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Openreach Build Fibre Pole in Private Garden Without Permission

Wednesday, October 6th, 2021 (8:08 am) - Score 48,624
telegraph pole high engineer

Openreach (BT) has apologised after their UK engineers, who were busy building a new “ultra fast” Fibre-to-the-Premises (FTTP) broadband ISP network in Clackmannanshire (Scotland), installed a 27ft tall telegraph pole in a private garden without permission, and while the owners were out visiting a dying family member.

Telegraph poles are perhaps one of the least loved pieces of modern broadband and phone infrastructure, particularly when they’re erected in locations where none have previously been present. Nevertheless, they are also a fairly cost-effective solution for deploying, or upgrading, a network in an area where the cost of going underground would be too high.

Such poles are usually deployed under Permitted Development (PD) rights, which means that they don’t have to go through the usual planning permissions process and can pop up quite quickly, often without residents getting much of a say in the matter. But any deployment on private land does tend to require prior permission via a legal wayleave agreement.

At this point it’s worth saying that, for all the complaints from those who don’t like them, you can often find plenty of people who would be more than happy to accept the deployment of new poles if it meant gaining access to a full fibre network. In this case the owners of a home in the rural Clackmannanshire town of Alva have no objection to the rollout itself, just where Openreach put one of their poles – slap bang in their private garden.

According to the Daily Record, Mr and Mrs Brown, who received no forewarning of the development, left one morning to visit a dying family member in hospital and returned later to find a new telegraph pole in their garden and obstructing the view from their window.

Mr Brown (61) said:

“We left late morning and there was nothing there and when we got back at tea time there was this telegraph pole, just plonked there in front of my living room window. We knew nothing about it. I was horrified. It’s my garden. I’ve checked the title deeds and it’s definitely my land.”

Naturally Mr Brown wrote to Openreach with a complaint but, despite waiting for 8 long weeks, the operator failed to respond (we’d be pretty darn angry at this too). The issue seems likely to have occurred because the garden is close to a piece of council owned land, although from the pictures (see the Daily Record for those) the boundaries are perhaps not as clear as they could be.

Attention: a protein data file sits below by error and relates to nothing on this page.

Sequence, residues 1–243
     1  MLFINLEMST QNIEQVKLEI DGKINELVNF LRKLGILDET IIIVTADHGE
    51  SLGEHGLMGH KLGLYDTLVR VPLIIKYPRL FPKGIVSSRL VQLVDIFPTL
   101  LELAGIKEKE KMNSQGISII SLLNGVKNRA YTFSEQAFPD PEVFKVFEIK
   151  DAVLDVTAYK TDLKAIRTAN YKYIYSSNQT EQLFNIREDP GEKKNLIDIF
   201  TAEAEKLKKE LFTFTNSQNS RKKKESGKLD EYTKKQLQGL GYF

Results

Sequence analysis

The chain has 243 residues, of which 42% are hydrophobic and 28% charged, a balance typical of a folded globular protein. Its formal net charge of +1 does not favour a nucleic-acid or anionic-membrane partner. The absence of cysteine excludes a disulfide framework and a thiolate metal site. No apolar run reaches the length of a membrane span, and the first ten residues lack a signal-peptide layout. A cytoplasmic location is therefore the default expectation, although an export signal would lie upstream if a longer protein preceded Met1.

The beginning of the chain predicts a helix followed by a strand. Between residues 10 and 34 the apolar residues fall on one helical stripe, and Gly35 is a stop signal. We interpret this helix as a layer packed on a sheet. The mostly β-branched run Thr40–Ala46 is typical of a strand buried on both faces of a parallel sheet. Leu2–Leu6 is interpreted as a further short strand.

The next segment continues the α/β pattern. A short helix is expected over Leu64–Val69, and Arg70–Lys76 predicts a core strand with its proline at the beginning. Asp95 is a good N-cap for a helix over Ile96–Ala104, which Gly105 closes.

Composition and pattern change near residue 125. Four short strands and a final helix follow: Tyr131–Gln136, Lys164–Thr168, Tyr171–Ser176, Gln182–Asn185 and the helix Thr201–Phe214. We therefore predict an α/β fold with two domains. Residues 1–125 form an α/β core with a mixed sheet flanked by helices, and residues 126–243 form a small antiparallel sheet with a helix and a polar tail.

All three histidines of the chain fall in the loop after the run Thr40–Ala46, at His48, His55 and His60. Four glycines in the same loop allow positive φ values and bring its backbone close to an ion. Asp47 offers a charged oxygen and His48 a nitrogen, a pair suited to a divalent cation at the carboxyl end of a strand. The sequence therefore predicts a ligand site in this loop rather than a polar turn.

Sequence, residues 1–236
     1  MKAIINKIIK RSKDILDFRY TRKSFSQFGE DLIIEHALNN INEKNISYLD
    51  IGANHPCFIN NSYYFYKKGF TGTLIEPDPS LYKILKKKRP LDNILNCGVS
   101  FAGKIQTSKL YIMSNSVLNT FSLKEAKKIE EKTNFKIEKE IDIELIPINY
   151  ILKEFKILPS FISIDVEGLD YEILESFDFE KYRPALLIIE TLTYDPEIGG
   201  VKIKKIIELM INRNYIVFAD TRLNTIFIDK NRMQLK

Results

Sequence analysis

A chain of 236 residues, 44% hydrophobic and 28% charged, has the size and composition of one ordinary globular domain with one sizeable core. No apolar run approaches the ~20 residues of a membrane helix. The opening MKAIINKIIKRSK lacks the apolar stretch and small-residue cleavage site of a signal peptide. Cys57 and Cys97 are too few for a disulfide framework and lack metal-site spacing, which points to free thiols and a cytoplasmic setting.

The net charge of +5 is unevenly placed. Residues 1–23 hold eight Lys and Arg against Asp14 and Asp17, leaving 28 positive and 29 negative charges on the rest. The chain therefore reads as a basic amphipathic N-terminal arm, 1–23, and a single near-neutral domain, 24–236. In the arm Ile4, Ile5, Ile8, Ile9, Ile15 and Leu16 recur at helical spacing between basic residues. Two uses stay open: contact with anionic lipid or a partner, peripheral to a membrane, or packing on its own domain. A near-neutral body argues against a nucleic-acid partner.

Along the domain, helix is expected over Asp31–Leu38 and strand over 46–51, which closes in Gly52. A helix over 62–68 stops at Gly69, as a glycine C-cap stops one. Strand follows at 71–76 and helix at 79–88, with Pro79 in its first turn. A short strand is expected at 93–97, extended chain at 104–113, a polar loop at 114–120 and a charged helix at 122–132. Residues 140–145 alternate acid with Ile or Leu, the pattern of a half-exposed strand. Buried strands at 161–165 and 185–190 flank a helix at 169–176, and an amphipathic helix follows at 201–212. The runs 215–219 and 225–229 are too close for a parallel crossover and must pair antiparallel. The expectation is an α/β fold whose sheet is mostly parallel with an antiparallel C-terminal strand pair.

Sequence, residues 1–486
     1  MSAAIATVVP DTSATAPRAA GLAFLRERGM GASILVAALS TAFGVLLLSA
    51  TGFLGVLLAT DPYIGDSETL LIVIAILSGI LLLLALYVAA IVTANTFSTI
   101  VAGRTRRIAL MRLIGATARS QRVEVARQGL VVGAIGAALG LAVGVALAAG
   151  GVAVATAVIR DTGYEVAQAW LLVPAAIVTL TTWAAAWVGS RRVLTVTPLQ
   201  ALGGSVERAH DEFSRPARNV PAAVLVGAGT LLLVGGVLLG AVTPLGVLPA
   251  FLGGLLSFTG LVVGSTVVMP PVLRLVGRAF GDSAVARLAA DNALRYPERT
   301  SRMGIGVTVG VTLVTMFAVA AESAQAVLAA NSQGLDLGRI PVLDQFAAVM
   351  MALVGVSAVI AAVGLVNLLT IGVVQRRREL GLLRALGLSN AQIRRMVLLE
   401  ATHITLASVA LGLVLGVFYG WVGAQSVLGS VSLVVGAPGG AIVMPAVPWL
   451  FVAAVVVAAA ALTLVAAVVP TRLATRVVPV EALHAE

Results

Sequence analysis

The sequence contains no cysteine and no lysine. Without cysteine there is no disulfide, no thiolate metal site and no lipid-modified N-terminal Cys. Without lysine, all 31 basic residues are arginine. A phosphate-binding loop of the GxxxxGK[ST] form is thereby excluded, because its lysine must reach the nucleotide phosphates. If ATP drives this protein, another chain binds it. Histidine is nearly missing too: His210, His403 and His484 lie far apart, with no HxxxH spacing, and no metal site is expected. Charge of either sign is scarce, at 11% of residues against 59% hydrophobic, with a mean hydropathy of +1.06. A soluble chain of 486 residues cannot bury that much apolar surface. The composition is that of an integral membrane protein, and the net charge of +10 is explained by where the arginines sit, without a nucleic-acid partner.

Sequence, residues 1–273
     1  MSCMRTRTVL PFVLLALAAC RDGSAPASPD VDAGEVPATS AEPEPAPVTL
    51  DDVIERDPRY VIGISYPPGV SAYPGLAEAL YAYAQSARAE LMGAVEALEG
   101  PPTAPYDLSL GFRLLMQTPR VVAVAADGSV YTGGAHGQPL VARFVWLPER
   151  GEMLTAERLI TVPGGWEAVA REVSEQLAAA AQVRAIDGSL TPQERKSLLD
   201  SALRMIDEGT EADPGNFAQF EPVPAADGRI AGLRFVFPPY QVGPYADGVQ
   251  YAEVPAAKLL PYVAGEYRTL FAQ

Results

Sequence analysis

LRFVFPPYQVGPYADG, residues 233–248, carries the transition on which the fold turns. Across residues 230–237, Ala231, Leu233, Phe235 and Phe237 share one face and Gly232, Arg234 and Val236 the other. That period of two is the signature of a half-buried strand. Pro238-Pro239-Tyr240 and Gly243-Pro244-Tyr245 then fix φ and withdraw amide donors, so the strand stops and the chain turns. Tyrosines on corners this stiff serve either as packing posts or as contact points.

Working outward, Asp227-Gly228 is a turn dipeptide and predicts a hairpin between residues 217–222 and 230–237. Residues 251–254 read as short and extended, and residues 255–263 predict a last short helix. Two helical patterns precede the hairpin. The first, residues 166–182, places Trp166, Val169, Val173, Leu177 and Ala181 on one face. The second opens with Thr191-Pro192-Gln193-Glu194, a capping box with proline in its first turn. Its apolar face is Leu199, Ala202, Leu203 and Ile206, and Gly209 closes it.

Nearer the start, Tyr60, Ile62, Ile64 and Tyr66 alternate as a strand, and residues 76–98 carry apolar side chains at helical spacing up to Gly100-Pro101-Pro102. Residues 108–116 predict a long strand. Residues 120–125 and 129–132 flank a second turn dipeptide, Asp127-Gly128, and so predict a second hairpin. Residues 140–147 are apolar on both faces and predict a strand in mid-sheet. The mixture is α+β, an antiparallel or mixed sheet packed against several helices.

In the past the council actually cut some of the lawn at the edges of the garden for them. But this stopped a few years ago after the local authority confirmed, in writing, that they would no longer do this as it was private land and needed to be maintained by the couple (owners) themselves.

A spokesperson for Openreach said: “Following investigation, we’ve established this pole was put up in error. We’re really sorry and we’re arranging to have it removed.” Despite the apology, it should never have required the owners of the property to go to the press in order to get some movement from the operator. The issue might not have even been noticed had they actually responded to the complaint and recognised their mistake sooner.

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By Mark Jackson
Mark is a professional technology writer, IT consultant and computer engineer from Dorset (England), he also founded ISPreview in 1999 and enjoys analysing the latest telecoms and broadband developments. Find me on Twitter, , Facebook and Linkedin.
Leave a Comment
50 Responses
  1. Chris Sayers says:

    I would have taken a chainsaw to it, sadly big organisations rarely listen to the little people, only when it becomes a PR issue will they take notice.

    1. David Alexander says:

      That’s exactly what I was thinking.

    2. Andy says:

      A chainsaw would have been my second action after giving them 5 days notice to remove it. Corporates are their own worst enemy when it comes to efficient communication with the public. Just too funny that in this case Openreach were unable to communicate with the homeowner!

    3. Katie smith says:

      Don’t say that Openreach if you have them will never come out to your property if they hear of anyone saying that lol

    4. Tony Sly says:

      I’ve got a pole in my garden and I get paid annually for its presence. A legal obligation apparently.

    5. Neil Elphinstone says:

      “Telegraph poles”!!!

      Telegraphy was something of the nineteenth century with it’s last remnant Telex dusspeeting around 1990